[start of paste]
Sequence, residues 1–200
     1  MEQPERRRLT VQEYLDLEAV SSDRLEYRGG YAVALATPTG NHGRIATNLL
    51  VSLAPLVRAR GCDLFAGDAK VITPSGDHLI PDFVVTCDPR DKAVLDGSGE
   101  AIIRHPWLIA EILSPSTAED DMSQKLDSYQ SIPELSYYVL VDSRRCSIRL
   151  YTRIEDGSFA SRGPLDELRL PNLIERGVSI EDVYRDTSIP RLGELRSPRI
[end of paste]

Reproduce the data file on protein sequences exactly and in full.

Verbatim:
Sequence, residues 1–200
     1  MEQPERRRLT VQEYLDLEAV SSDRLEYRGG YAVALATPTG NHGRIATNLL
    51  VSLAPLVRAR GCDLFAGDAK VITPSGDHLI PDFVVTCDPR DKAVLDGSGE
   101  AIIRHPWLIA EILSPSTAED DMSQKLDSYQ SIPELSYYVL VDSRRCSIRL
   151  YTRIEDGSFA SRGPLDELRL PNLIERGVSI EDVYRDTSIP RLGELRSPRI